Most buildings insurance policies include cover for damage to underground pipes, drains, cables and tanks (often called underground services).
Policies generally only cover problems with pipes the policyholder is legally responsible for. So insurers won’t cover problems with pipes owned by water companies or neighbours, even if they’re causing the problem.
Because the pipes are underground, policyholders usually only discover damage after they become aware the system isn’t working as normal.
Types of complaints we see
Most cases of damage we see are to water pipes. But we’ll check the policy to see exactly which parts of the water system and other underground pipes are covered, because we occasionally see cases about gas or oil pipes.
Damage doesn’t just mean physical damage, but also loss of function (something no longer performs the task it was supposed to). For example, a drainpipe could be physically damaged if it’s cracked or deformed. But it could also be functionally damaged if it’s blocked and water is unable to flow through it – even if there’s no physical damage to the pipe that’s causing the blockage.
In some cases you may have accepted the claim, but the dispute is about how to settle it, for example, which repairs should be carried out or how much you should pay.
Some reasons that insurers give for declining claims are:
- the pipe wasn’t damaged at all
- the pipe was damaged but not accidentally
- the pipe was damaged but a policy exclusion means they don’t have to pay (gradual damage and wear and tear are the most common)
- the pipe was made of pitch fibre
- the policyholder isn’t responsible for the pipe
- the policyholder had the pipe repaired before the insurer could inspect it
- the damage isn’t to a part of the system that’s covered
- the policy has no cover for underground pipes
When water leaks out of a pipe into the surrounding ground, this can lead to problems that include:
- uneven paving
- cracked paving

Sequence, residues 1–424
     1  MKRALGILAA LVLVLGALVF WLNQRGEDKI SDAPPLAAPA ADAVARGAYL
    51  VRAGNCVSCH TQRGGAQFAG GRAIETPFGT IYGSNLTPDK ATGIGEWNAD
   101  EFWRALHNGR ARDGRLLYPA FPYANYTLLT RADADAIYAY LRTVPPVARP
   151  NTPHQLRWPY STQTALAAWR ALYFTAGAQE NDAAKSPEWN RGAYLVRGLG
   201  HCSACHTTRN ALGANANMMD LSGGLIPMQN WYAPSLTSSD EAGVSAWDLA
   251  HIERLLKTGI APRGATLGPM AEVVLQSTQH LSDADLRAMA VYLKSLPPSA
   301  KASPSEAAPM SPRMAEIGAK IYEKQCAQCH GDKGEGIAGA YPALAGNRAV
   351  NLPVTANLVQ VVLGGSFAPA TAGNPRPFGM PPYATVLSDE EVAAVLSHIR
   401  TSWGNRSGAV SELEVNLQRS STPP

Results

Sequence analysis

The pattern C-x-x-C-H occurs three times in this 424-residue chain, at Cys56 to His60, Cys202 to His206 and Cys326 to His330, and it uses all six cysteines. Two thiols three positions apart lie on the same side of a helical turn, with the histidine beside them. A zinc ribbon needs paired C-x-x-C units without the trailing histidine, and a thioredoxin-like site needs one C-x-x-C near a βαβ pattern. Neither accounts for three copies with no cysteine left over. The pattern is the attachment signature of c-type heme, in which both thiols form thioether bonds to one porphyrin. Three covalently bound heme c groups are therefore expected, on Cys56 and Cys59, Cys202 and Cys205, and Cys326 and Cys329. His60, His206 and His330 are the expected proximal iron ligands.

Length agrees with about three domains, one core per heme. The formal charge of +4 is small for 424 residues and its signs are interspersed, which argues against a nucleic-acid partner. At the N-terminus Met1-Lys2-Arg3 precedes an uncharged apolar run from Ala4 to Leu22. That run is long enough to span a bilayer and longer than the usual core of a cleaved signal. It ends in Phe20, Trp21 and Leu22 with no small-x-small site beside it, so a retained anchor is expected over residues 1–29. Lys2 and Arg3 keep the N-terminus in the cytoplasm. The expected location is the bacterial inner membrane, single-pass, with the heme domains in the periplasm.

- damage to patios
- damage to walls
- damage to the entire house
Cover tends to be for the pipes themselves, not for any damage beyond the pipe that might result from a leak. But other parts of the policy may be able to cover that damage, for example, parts on cover for escape of water or flooding.
Cover doesn’t usually include cesspits or soakaways.
What we look at
Common types of damage to underground pipes we see are:
- displaced or open joints
- tree or plant roots in the pipe
- blockage or obstruction
- cracked or fractured pipework
- blistered or delaminated pipework (pitch-fibre pipes only)
- collapsed pipework
- misshapen pipes (also called ‘bellied’)
- the pipe is too flat (also called ‘insufficient fall’)
Often, when a policyholder gets in touch with you to report a problem, you’ll need to appoint a drainage company to check the pipes.
Drainage companies usually put a video camera in the pipework and move it around the system between the house and the property boundary. The recording is used to create a report about the condition of the pipe and make any recommendations for repair.
If the pipe is significantly obstructed or blocked, you may say you need to clear the blockage before you can check the condition, as part of investigating the claim. And in some cases that may resolve the problem.
If there’s no easy point of entry to the pipe, it will need to be broken to get a camera in. This means the surface above the pipe may be disrupted, for example, by digging up a driveway or patio to find out the pipe’s condition. In these cases, you may need to put right the damage caused, even if the claim is ultimately declined.
But it’s rare for us to need to see the video footage – in most cases, the drainage report will be enough.
What the drainage report needs to show
Sometimes the drainage report we receive is just a summary about whether the pipes are serviceable. But this is unlikely to be persuasive when we’re looking at a complaint, so you should provide the full version, including:
- enough detail for us to be able to understand the condition of the pipe
- a diagram showing the layout of the pipework around the building
- a list of defects found for each stretch of pipework (also called a ‘run’) and at what distance along the pipe the defects are
- the material the pipe is made from and where one material changes to another
Repairing damaged pipes